While digital surveillance experts said such an order would be preposterous and likely illegal, they noted several sweeping foreign surveillance programs — including Section 702 efforts — that could conceivably pick up the digital chatter in Trump Tower. For example, if two Trump campaign officials were talking over a Trump Tower network to, from or about a Moscow official under surveillance, that conversation might get flagged as relevant to foreign intelligence gathering operations.
“If it happened,” said Republican Sen. Rand Paul, the Kentucky lawmaker who led the last charge to overhaul the country’s surveillance laws in 2015, “in all likelihood it happened through the backdoor of 702.”
In essence, Trump heightened the scrutiny on this relatively obscure FISA provision, which authorizes several notable spying programs, including Upstream and PRISM.
PRISM allows the NSA to collect people’s browsing histories, email contents and digital chats from major tech firms like Google, Facebook and Apple. Upstream lets the spy agency lift Web browsing information off internet cables. Both were exposed through documents leaked by former NSA contractor Edward Snowden.
These programs are supposed to filter out obviously domestic information up front and only grab international chatter that matches an exhaustive list of selectors — such as email addresses and screen names — linked to nearly 100,000 targets. Still, surveillance specialists estimate that millions of Americans — maybe even tens of millions — make it into the NSA’s databases. While the law requires Americans’ privacy to be protected if they show up in a subsequent search, those protections can go away if the data is determined to contain some foreign intelligence value.
Critics like Paul say these programs are too indiscriminate and worry that the privacy-protecting procedures are trivial, leaving the door wide open to “unmasking” Americans.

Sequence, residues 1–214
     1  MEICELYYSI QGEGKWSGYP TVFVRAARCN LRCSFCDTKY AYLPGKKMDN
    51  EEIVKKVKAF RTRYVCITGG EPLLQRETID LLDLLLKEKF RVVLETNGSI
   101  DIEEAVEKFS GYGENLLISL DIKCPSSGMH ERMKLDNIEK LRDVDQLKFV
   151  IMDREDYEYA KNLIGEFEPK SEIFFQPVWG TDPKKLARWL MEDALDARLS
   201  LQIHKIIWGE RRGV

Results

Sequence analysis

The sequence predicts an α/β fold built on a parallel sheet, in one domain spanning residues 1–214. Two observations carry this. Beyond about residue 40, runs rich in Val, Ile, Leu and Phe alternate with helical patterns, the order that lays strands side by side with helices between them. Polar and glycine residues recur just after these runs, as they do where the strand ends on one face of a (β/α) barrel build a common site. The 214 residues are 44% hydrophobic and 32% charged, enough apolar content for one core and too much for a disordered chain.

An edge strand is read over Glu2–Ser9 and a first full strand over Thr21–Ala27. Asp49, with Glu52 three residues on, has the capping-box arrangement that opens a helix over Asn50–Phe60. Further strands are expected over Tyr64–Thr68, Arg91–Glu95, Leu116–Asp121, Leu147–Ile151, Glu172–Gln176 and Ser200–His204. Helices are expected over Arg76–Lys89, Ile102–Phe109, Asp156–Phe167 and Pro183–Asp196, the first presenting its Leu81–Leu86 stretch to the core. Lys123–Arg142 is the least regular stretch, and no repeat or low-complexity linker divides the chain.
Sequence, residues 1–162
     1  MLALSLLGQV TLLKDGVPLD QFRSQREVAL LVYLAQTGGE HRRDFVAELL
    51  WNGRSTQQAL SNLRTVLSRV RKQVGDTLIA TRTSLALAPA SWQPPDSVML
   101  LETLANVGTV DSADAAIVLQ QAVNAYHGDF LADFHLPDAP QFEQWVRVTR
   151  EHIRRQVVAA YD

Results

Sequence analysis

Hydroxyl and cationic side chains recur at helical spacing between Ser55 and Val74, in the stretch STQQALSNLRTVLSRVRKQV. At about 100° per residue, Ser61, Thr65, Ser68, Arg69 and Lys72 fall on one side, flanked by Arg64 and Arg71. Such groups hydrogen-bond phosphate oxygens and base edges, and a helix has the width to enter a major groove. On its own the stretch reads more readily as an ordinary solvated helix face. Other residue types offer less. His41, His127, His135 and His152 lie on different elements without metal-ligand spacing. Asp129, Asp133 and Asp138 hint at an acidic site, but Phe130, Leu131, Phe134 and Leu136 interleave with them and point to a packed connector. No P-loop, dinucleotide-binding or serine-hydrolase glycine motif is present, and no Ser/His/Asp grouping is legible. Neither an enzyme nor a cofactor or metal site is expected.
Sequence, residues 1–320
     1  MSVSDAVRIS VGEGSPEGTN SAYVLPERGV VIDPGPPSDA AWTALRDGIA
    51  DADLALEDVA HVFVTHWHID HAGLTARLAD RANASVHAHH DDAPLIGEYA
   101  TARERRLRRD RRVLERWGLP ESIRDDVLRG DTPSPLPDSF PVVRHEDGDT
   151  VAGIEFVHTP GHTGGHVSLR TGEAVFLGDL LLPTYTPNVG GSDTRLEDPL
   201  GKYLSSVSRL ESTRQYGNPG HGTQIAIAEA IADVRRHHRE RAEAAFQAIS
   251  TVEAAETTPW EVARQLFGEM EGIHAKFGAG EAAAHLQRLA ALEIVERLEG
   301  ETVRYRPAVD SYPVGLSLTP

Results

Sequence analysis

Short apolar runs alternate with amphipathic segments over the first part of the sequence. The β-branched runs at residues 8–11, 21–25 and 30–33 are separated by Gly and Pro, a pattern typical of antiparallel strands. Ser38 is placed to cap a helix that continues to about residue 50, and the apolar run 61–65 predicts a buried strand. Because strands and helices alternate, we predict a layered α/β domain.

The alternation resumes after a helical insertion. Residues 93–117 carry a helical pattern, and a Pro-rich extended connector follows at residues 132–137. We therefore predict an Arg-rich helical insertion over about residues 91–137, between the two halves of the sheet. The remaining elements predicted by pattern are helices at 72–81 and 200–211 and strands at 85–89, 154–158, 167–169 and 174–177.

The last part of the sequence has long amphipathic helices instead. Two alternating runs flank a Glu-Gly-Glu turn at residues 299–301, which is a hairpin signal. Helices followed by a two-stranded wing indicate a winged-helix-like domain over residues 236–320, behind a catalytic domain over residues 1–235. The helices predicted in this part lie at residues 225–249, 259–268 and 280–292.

“This is a big deal as far as I’m concerned,” Paul told POLITICO.
Rep. Ted Lieu (D-Calif.), one of the few members of Congress with a computer science degree, argued that the program allows warrantless searches of Americans whose information incidentally ends up in the NSA’s hands.
“Then that information can be used to prosecute American citizens in court,” he told POLITICO. “That is flat-out illegal and unconstitutional.”
Into this intensifying debate, WikiLeaks dropped a bomb. This week, the anti-secrecy group released a trove of documents revealing the CIA’s hacking tools for transforming computers, Apple and Android phones and even internet-connected televisions into surveillance devices.
The disclosure — which former officials and experts say appears legitimate — has caused even a hawkish Republican like Senate Armed Services Chairman John McCain to predict Congress will have to re-examine its surveillance oversight.
“It’s going to cause a real fundamental evaluation of everything we do, including FISA,” the Arizona lawmaker said.
Taken together, revision advocates believe the events “give considerable wind at the backs of those who want to reform Section 702 of FISA,” said Lieu, who noted that a bipartisan group of House Judiciary Committee staffers has already met to discuss 702 alterations.
But the Senate has yet to publicly delve into the issue. Senate Intelligence Committee ranking member Mark Warner (D-Va.) told POLITICO that his panel would get private briefings “shortly” on the issue.
Burr is pushing for a “clean” reauthorization, with no changes. He conceded that critics will be deploying recent events “to further advance their theory,” but accused them of misleading the public about a program that most lawmakers agree has value for tracking terrorists and foreign threats.
“If we inadvertently hear an American, we automatically have a process that we follow,” he added, referencing the privacy-protecting procedures. “There’s no generalized ability for any entity to listen in on the American people.”
A White House spokesperson told POLITICO that the administration sides with Burr in supporting a straight-up reauthorization without alterations.
By: Cory Bennett and Martin Matishak